Lionfish in the Eastern Pacific: A Cellular Automaton Approach to Assessing Invasion Risk
Connectivity, Lionfish, Pacific Ocean, Atlantic Ocean, Computer modeling, Invasive species
The lionfish invasion in the Atlantic and Caribbean has proceeded with vigor since their introduction in the 1980s or early 1990s. Lionfish affect recruitment of juvenile fish to reefs due to predation and are found in densities far surpassing that of their native Indo-Pacific. There is concern that the lionfish may become introduced and proliferate (through aquarium releases, transport on floating debris, or passage through the Panama Canal in ship ballast water) in the eastern tropical and north Pacific. This study presents the first known prediction of the potential for establishment of lionfish in the eastern Pacific Ocean. Through computational modeling, we compare and contrast the dynamics of random hypothetical introductions of lionfish into the eastern Pacific and Atlantic Oceans in order to highlight the different potentials for invasion in both basins. Connectivity between discrete regions (precincts) in both the Atlantic and eastern Pacific are examined and settlement densities are calculated to indicate possible locations of establishment of breeding lionfish populations. Our results suggest that lionfish, which are successful invaders in the Atlantic, may not be as successful in the eastern Pacific due to weak mesoscale connectivity which reduces the rapid spread of lionfish larvae.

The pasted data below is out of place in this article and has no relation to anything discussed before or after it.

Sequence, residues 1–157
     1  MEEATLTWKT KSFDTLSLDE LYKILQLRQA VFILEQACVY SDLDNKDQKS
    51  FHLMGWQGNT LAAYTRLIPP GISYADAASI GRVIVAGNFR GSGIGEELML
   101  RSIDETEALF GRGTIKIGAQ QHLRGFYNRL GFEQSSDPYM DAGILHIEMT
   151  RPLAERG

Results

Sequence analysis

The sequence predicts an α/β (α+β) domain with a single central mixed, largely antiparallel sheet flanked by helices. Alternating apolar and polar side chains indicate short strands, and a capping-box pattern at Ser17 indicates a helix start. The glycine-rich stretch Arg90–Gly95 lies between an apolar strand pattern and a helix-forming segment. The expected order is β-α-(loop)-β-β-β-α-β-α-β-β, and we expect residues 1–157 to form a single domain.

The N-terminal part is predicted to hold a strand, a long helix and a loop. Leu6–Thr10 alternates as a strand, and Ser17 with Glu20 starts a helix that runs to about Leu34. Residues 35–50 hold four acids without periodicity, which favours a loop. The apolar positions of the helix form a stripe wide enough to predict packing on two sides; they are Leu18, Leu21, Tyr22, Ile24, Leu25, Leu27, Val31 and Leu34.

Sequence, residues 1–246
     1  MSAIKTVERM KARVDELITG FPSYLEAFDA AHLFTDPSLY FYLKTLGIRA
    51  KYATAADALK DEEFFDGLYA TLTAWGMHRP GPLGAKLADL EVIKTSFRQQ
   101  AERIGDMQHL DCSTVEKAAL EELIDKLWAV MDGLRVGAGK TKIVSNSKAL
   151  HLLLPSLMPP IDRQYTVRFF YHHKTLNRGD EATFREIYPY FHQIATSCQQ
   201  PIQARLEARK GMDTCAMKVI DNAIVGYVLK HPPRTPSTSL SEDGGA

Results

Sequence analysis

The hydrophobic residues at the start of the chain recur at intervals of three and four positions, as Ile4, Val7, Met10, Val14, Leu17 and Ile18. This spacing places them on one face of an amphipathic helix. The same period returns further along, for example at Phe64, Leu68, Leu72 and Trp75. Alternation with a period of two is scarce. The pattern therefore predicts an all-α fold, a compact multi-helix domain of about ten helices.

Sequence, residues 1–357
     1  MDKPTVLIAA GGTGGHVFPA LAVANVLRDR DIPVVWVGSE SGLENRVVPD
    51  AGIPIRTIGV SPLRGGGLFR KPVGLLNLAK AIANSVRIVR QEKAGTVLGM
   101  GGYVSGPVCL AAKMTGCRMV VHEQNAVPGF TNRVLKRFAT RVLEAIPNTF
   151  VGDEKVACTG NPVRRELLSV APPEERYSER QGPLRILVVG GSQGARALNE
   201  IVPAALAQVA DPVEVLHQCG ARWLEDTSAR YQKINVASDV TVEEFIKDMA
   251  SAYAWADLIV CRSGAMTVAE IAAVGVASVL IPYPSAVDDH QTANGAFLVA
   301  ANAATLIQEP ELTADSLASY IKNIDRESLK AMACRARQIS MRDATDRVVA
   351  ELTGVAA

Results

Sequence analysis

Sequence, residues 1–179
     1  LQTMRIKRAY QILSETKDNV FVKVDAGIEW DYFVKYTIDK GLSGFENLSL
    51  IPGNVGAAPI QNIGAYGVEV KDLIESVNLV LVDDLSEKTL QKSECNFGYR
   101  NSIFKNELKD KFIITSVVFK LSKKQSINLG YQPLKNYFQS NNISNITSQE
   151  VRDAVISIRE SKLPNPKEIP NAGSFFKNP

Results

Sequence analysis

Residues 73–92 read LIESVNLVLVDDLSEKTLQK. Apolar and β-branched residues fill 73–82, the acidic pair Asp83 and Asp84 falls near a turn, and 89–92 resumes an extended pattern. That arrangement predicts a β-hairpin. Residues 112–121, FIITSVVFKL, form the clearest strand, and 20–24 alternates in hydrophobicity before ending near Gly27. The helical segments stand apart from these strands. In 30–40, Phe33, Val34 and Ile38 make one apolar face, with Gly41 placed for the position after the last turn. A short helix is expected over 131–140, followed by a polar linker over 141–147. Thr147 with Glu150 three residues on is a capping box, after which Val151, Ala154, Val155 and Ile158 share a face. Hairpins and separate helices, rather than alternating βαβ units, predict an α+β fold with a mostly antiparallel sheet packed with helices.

Matthew W. Johnston and Samuel J. Purkis. 2014. Lionfish in the Eastern Pacific: A Cellular Automaton Approach to Assessing Invasion Risk .Biological Invasions , (12) : 2681 -2695. https://nsuworks.nova.edu/occ_facarticles/278.